I was working on my assignment for my Masters class this week and referenced a talk by Kevin Honeycutt. He discussed how his home situation affected his education, which worked well because my assignment deal with poverty and education. I decided to rewatch the talk and became a bit distracted. It reminded me of one the biggest reasons why I was so excited for the 1:1 initiative. Just like our students do not come from the same situation when they come to school, they do not all learn in the same way. Yet, in so many classrooms there is only one way to do things and only one type of assignment to turn in or one single test for everyone to take.
Differentiation is a word that has been used a lot lately when talking about what we need to do in classrooms. Since our students are all different, shouldn’t their education be different too. Not just the assignments but also the assessments. Unfortunately many laptops are being used in classes to type what was written, digitize what was already being done and everyone is still all doing the same thing. I see the laptops, and any device, as a way to open up differentiation for many. Instead of focusing on a single textbook as the main resource, curate digital resources that the students can choose which to use. Give them the option to use the tools that fit them the best. They do not need to have an understanding of learning styles, they already know what they like and what they do not like. By forcing students to only use the textbook, you are turning off so many students to learning. I do not learn best by using a textbook and I have many examples from my own education to show this. Today when I want to learn something, I do not go to a library and check out a book. I want something interactive and something that I can watch or listen to. When I need to learn or review a Google script or function in Google Spreadsheets, I go to YouTube.
We should not try to limit and control the learning of students. If a student asks if instead of a powerpoint presentation, can they produce something else, who are we to say no. We should be allowing students to use whatever tools they feel comfortable with to show their learning. This may be uneasy for the teacher but the focus has to be on the student and not on what is easiest for the teacher. We need to be open to taking chances and allowing things to happen even if we are not sure they will succeed 100% or not. Failure is part of the learning process and you can not control learning. You can help guide it and create a effective learning environment but true learning is not the same for everyone.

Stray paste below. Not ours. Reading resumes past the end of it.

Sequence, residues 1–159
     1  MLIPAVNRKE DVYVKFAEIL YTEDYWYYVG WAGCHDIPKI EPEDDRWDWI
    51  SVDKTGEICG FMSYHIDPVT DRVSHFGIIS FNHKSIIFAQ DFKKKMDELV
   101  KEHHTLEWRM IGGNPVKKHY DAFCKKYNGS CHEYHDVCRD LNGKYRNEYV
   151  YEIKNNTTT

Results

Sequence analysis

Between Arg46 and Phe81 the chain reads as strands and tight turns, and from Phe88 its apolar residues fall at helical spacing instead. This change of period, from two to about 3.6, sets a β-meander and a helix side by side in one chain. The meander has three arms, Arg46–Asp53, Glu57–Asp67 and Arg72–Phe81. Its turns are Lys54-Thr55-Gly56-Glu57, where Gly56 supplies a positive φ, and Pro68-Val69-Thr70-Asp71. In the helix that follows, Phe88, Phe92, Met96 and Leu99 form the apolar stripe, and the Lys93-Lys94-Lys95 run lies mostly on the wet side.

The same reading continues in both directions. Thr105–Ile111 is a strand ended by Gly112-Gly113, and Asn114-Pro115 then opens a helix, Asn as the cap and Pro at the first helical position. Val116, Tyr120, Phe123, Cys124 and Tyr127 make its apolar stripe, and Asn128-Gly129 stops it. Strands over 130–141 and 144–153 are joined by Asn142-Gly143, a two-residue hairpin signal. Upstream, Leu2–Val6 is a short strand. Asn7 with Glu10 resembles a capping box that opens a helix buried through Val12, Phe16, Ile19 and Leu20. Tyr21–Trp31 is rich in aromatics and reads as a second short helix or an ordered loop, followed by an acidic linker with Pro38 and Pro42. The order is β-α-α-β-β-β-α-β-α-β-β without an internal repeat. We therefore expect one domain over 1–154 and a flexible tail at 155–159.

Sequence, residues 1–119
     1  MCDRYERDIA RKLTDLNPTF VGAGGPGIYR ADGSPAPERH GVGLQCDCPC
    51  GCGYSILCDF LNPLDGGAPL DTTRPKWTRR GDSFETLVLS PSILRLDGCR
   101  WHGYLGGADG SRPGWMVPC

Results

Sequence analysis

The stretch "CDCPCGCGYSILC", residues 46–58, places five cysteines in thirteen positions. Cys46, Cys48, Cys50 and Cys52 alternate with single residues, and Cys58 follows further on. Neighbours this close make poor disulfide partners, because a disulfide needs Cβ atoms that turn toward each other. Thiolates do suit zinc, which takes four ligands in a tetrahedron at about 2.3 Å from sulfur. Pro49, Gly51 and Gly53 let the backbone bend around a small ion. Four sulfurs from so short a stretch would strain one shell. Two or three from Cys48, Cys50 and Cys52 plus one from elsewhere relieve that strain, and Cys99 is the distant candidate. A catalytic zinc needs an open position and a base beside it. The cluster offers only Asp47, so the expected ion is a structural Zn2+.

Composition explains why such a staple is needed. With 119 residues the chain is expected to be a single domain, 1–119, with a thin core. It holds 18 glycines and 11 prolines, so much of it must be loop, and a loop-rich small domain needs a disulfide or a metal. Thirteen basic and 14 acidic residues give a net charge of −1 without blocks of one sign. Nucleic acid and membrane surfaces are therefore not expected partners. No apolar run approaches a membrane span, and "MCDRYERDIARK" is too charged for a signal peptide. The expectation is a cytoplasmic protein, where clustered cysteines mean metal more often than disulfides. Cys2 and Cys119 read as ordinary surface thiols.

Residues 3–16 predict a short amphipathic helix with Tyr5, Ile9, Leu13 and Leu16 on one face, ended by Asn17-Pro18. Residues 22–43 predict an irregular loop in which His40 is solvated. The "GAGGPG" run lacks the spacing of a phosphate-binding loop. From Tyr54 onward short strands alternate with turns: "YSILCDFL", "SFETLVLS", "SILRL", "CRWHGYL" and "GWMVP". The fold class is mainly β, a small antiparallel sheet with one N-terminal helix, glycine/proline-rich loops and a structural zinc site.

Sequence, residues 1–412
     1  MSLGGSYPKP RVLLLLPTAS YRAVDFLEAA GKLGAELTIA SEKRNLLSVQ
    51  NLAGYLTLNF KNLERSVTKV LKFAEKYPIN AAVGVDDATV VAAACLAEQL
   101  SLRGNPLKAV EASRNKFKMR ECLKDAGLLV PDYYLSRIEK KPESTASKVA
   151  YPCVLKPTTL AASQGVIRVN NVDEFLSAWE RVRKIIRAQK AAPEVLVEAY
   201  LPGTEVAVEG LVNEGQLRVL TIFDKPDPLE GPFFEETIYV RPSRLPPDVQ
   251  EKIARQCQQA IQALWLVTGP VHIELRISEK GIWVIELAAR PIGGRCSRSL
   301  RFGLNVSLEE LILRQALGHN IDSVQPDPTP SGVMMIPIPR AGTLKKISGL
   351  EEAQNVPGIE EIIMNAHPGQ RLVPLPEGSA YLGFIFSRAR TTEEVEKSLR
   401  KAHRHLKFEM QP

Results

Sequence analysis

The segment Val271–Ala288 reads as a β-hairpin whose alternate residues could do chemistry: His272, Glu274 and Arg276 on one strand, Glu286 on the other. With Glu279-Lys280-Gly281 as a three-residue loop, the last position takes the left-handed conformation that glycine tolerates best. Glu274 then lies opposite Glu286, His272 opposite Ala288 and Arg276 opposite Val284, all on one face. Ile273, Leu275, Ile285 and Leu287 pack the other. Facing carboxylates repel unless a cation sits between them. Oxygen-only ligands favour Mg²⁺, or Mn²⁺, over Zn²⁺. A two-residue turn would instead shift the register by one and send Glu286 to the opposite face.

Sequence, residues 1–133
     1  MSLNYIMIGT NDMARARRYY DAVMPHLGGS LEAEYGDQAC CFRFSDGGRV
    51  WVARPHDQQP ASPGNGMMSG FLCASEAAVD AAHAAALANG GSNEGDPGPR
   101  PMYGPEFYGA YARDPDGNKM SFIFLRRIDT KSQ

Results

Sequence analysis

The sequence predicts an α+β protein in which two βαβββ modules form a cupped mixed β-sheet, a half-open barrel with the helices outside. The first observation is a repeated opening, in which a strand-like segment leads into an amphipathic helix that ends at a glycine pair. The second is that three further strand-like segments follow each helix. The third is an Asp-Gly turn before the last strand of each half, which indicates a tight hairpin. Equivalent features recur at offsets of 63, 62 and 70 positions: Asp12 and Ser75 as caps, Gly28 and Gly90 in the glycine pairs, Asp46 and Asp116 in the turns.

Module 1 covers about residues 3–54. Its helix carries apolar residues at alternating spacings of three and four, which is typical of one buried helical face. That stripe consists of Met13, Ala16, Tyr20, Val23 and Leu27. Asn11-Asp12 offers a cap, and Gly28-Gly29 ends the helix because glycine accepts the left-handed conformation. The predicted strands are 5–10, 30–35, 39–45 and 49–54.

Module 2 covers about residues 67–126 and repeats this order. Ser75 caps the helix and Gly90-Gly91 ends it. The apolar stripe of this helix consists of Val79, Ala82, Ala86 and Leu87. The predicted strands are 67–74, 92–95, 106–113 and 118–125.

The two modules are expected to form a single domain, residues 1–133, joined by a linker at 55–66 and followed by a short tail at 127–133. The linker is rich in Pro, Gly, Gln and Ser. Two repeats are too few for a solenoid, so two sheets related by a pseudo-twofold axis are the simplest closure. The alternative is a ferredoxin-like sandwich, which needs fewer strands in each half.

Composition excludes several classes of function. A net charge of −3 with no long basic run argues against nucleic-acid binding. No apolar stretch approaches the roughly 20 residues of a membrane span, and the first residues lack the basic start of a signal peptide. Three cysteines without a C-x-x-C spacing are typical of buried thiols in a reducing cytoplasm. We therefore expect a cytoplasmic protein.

Passion and engagement can easily be increased by giving students more options when it comes to exploring their learning and then showing what they learned. A student may be way more engaged creating a tour in Google Earth as it relates to the topic instead of a poster or a powerpoint. Instead of a cardboard diorama, a student could use Google Sketchup to create a 3D representation of what they are learning about. Instead of a poster or flyer, a student could create a video or website or ebook about the topic. Give students the chance to express their learning the way that they want and their engagement will increase drastically. A student who is engaged is a student who is more likely to not just learn, but retain that learning for the long haul.